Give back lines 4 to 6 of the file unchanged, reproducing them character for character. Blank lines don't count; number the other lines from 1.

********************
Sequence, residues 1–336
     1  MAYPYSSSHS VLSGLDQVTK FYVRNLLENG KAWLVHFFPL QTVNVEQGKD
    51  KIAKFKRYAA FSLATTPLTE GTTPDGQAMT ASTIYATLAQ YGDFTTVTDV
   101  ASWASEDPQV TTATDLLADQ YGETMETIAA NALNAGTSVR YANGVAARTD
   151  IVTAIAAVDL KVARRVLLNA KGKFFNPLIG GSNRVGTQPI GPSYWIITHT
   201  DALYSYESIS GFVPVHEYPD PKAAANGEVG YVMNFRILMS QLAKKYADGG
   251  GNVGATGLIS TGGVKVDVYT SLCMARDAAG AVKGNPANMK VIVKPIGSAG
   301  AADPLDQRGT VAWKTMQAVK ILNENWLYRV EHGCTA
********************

   101  ASWASEDPQV TTATDLLADQ YGETMETIAA NALNAGTSVR YANGVAARTD
   151  IVTAIAAVDL KVARRVLLNA KGKFFNPLIG GSNRVGTQPI GPSYWIITHT
   201  DALYSYESIS GFVPVHEYPD PKAAANGEVG YVMNFRILMS QLAKKYADGG